Tell Us What You Think - Please Comment Below!

We would love to hear your comments and questions. What specific things are you struggling with while learning guitar?

 

 

Tomas Michaud

Tomas Michaud

Author - Tomas Michaud at Real Guitar Success
Tomas Michaud is an American born guitarist and music educator with a French Canadian heritage. He first developed the Starland Guitar System in 1982 when his 9 year old daughter asked him to teach her guitar. Since then he’s founded the Starland School of Music in the SF Bay Area, and RealguitarSuccess.com.

When he's not making guitar instruction videos or creating more music to record (currently 7 CDs including Beauty and Fire) he's riding his bike along the beach with his dog Marco Polo or traveling to interesting places with his lovely wife Pui.
Tomas Michaud

    7 Comments

  1. Hi Tomas – I do believe you’ve saved me many months of practice/work learning to play the guitar and the keyboard! Bless you!

    Deb Bodnar

    February 2, 2014

    • Hello Deb,

      Wow! That sounds good – I mean, how Understanding Chord Families helped you a lot…

      Thanks,
      Tomas

      Tomas

      February 3, 2014

  2. Thanks for the simple & timely information. As learning new material goes, (at 84)
    I have hills and valleys. This information has started me back up the hill!

    Seriously Tomas, your dedication to truly teaching Guitar & Music is first rate:
    In a short time, I am getting my head out of music books, & breathing fresh air, as well as finding that I am making progress. ( and having fun)!
    Thank you for your teaching excellence.
    Lanny Prout

    Lanny Prout

    February 2, 2014

    • Hi Lanny,

      I sincerely appreciate your age. Learning and playing guitar really knows no bounds.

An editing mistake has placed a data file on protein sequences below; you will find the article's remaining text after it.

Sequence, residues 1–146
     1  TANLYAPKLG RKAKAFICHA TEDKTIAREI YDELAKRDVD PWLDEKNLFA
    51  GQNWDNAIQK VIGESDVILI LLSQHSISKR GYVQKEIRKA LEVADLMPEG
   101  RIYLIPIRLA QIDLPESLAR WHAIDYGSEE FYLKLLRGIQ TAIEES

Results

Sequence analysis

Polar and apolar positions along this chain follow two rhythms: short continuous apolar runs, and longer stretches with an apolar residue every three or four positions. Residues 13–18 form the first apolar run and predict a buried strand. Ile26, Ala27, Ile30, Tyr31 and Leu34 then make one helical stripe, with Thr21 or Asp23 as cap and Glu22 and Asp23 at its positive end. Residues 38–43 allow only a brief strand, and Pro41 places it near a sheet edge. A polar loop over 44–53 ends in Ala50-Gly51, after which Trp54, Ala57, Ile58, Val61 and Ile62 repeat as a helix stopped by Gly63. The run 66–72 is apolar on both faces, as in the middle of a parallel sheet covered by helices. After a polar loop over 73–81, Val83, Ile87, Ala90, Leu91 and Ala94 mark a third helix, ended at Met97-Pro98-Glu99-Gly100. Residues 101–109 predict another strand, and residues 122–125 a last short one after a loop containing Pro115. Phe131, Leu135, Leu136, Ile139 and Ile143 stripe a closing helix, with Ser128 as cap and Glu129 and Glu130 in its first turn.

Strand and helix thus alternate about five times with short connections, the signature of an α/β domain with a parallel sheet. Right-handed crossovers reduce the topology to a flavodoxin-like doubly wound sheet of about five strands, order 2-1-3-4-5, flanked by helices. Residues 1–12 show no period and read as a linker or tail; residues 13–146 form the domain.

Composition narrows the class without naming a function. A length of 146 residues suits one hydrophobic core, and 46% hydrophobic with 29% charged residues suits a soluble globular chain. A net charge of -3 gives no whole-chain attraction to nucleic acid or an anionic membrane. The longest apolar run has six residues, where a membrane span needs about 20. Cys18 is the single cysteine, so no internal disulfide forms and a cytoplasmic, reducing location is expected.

You definitely inspire me.
      You may have loss your youthful vigor or appearance but not the self-confidence, determination and enthusiasm to pursue learning guitar.
      Finding my lesson as first rate is overwhelming.

      Thank you, Lany and I am so happy to know that you are making progress and you’re having fun.
      I assure you that playing guitar is going to be your lifelong source of enjoyment.

      Take good care,

      Tomas

      Tomas

      February 3, 2014

  3. Thanks Tomas,

    This does help with practicing when going from one chord to another rather than practice the wrong way and using chords that will never or rarely be used. Frank

    Frank Conley

    February 2, 2014

  4. Thanks Tomas,,,, This session has been very helpful not only to me but also in helping teach my granddaughter to play guitar…………

    Paul

    February 2, 2014

    • Hi Paul,

      That sounds great!
      One of many beautiful ways of connecting with your granddaughter – playing guitar together. What a joy!

      Take care,
      Tomas

      Tomas

      February 3, 2014